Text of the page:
Mary's Farm: The Most Important Building in Town
My own town library is a little red-brick gem that was built as a Congregational vestry. A church was eventually constructed across the road, and the earlier building first became a school and then was abandoned, eventually falling into ruin, losing its roof, floor, and windows. It sits pondside, so the basement filled with water and the children of the town used it as a swimming pool during the summer and a skating rink in winter. But the structure itself, being brick, survived those times and eventually became the sweet little one-room library it is today.
The library, as an institution, was once a place reserved strictly for learning. That was what lay behind Andrew Carnegie’s passion: to create a place where anyone, no matter how poor, could pursue learning, at a time when just reading books was considered an education. Bookstores were scarce, and the purchase of a book was a major expenditure. Private libraries were the domain of the wealthy.
Robert E. Pike, author of Tall Trees, Tough Men and Spiked Boots, grew up in Upper Waterford, Vermont, observing the river drives and the drivers, which gave rise to the books for which he was noted in his later years. But first he had to get beyond where he was raised. The library in Upper Waterford was part of the local tavern, and Pike claimed to have read every book in that library in his very young years, while loggers and river drivers quenched their thirst at the bar. Bolstered by that unusual beginning, Pike went on to Dartmouth and then to Harvard for his Ph.D., but his early education took place in that rough tavern/library combo.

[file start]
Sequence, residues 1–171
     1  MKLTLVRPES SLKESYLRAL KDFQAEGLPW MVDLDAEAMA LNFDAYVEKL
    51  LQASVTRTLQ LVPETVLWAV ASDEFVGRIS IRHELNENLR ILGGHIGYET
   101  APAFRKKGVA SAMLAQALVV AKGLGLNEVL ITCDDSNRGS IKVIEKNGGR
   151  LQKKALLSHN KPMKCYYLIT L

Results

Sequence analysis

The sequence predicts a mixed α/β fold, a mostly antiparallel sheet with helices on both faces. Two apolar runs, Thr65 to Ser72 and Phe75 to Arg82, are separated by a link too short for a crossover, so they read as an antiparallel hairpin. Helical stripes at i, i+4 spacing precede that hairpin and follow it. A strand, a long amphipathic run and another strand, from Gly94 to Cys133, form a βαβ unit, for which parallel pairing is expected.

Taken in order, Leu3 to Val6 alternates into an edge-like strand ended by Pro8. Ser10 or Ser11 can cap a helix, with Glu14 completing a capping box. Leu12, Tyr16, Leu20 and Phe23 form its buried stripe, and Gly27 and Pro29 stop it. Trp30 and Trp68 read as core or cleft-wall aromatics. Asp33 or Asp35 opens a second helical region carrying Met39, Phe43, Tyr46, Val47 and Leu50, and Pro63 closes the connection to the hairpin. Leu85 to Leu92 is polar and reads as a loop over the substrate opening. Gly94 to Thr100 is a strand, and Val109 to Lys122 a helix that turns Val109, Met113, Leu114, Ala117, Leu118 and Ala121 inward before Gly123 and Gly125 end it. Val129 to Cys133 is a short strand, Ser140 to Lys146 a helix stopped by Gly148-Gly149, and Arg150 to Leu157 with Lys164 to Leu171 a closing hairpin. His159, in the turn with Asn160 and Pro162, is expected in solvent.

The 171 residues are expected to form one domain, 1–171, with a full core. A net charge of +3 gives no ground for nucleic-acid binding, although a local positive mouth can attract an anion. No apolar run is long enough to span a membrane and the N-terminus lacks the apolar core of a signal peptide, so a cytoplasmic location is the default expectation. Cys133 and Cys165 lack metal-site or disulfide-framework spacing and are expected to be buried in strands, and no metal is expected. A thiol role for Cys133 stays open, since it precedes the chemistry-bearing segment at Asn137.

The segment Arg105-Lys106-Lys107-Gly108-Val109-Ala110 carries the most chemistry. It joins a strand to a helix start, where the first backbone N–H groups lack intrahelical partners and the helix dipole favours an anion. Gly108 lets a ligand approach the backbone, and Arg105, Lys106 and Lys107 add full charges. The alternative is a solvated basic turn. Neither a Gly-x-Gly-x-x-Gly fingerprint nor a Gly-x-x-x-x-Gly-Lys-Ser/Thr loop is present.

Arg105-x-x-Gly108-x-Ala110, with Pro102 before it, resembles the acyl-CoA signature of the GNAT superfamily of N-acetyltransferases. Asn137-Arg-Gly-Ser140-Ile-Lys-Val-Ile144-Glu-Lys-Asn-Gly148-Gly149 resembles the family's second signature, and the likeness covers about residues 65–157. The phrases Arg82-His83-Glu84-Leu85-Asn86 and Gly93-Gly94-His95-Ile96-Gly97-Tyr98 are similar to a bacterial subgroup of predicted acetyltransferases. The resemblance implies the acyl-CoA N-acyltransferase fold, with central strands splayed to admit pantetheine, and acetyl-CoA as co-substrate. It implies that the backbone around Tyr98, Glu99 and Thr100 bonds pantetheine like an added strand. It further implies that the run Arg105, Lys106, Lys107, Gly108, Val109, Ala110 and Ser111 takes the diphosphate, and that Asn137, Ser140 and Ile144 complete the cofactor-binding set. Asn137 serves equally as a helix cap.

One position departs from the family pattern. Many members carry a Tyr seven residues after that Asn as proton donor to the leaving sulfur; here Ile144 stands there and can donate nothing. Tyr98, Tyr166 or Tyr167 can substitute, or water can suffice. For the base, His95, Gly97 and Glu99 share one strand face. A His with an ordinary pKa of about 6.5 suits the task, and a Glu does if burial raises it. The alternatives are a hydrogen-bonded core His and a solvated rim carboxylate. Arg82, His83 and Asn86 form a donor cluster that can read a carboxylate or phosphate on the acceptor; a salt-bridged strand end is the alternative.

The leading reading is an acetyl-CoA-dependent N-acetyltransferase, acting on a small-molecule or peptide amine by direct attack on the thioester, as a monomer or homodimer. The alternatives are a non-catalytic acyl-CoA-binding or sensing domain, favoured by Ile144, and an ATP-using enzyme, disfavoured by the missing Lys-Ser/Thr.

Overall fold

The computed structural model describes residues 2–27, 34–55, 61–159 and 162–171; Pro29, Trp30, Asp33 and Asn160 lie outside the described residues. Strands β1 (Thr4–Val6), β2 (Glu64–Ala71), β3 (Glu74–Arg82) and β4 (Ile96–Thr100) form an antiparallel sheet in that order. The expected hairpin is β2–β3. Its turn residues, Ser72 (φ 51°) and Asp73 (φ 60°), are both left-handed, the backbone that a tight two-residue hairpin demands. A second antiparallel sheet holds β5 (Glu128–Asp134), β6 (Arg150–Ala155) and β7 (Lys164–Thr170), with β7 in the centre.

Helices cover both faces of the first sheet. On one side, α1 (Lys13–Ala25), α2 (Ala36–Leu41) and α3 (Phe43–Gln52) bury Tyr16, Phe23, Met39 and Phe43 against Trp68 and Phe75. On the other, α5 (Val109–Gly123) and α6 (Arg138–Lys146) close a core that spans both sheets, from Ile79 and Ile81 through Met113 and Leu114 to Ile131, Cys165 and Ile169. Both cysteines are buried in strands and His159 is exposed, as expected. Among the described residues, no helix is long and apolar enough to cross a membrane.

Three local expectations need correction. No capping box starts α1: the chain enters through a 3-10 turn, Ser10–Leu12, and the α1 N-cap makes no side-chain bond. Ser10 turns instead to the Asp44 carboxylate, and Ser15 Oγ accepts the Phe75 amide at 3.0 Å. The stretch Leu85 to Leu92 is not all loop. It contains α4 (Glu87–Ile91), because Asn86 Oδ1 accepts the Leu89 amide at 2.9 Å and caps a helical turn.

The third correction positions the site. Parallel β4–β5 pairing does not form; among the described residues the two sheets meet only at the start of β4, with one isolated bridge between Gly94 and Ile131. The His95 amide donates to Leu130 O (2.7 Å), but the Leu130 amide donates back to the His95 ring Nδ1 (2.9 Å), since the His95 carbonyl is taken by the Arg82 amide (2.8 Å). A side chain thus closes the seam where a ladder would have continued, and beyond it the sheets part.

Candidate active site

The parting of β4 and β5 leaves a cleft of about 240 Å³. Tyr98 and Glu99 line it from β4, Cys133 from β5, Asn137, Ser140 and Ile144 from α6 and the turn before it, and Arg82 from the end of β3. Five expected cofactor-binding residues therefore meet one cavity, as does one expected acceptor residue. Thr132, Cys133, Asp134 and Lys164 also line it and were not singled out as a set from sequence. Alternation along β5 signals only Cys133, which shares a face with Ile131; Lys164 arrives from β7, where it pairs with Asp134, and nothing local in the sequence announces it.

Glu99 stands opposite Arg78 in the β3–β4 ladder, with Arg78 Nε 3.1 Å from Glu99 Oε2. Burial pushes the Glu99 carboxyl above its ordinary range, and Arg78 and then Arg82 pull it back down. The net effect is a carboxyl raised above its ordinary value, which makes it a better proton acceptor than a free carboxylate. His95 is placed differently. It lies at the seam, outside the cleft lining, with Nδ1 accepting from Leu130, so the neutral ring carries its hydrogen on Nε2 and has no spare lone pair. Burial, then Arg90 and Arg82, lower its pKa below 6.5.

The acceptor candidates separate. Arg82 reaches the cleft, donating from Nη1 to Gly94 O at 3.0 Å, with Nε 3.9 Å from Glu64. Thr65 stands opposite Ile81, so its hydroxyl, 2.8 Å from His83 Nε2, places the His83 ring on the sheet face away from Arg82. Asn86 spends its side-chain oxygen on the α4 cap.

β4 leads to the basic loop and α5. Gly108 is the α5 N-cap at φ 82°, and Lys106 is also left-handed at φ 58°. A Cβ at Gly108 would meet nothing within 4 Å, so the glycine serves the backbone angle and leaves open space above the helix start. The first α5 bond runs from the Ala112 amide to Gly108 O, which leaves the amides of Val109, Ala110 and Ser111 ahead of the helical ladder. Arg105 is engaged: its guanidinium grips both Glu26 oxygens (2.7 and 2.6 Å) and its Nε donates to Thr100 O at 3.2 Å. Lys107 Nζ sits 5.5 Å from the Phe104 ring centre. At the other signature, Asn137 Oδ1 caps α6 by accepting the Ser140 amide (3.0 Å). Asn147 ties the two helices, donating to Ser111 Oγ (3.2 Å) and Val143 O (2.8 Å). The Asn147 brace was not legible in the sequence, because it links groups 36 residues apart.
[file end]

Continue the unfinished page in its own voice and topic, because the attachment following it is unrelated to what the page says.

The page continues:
Pike never forgot that the library had provided him with his education, something that all libraries were intended to do, in the towns fortunate enough to have one in those early days. That was the gift that men like George Peabody and Andrew Carnegie wanted to give these communities.
Many libraries have a “Friends” group that organizes book fairs and other fundraising events, from book sales to talks by local celebrities to story circles, wherein a town’s older residents tell about days gone by. Often, the Friends provide cookies and punch to make the event more festive. If nothing else, such evenings liven up a town summer and winter, giving it a stronger sense of community and making it seem like a great place to live.
But savvy librarians have seen the future and brought it to their patrons. Recent innovations at many rural libraries include investment in a satellite dish and WiFi, which afford patrons high-speed Web access and wireless computing. These are popular additions in villages where cable is nonexistent and DSL connectivity may be nil. As a result, people can sit in the library parking lot and log on to the Internet, which they can’t do at home. Many librarians have reported to me, with amusement, that their parking lots are often filled after hours as folks come to make use of this free and mysterious service.
So the small-town library, once a place of sometimes-dusty books, has found a way to not only survive in this new world but to be indispensable. The idea that books are or will become obsolete is a bit premature. What they’ve always given us will remain, even though the delivery system may change.
As far as I can tell, the library can still take us not only back to the 19th century but ahead into the 21st and beyond.
Edie Clark’s new book is States of Grace: Encounters with Real Yankees, a collection of her profiles of unique personalities, available at edieclark.com and selected bookstores.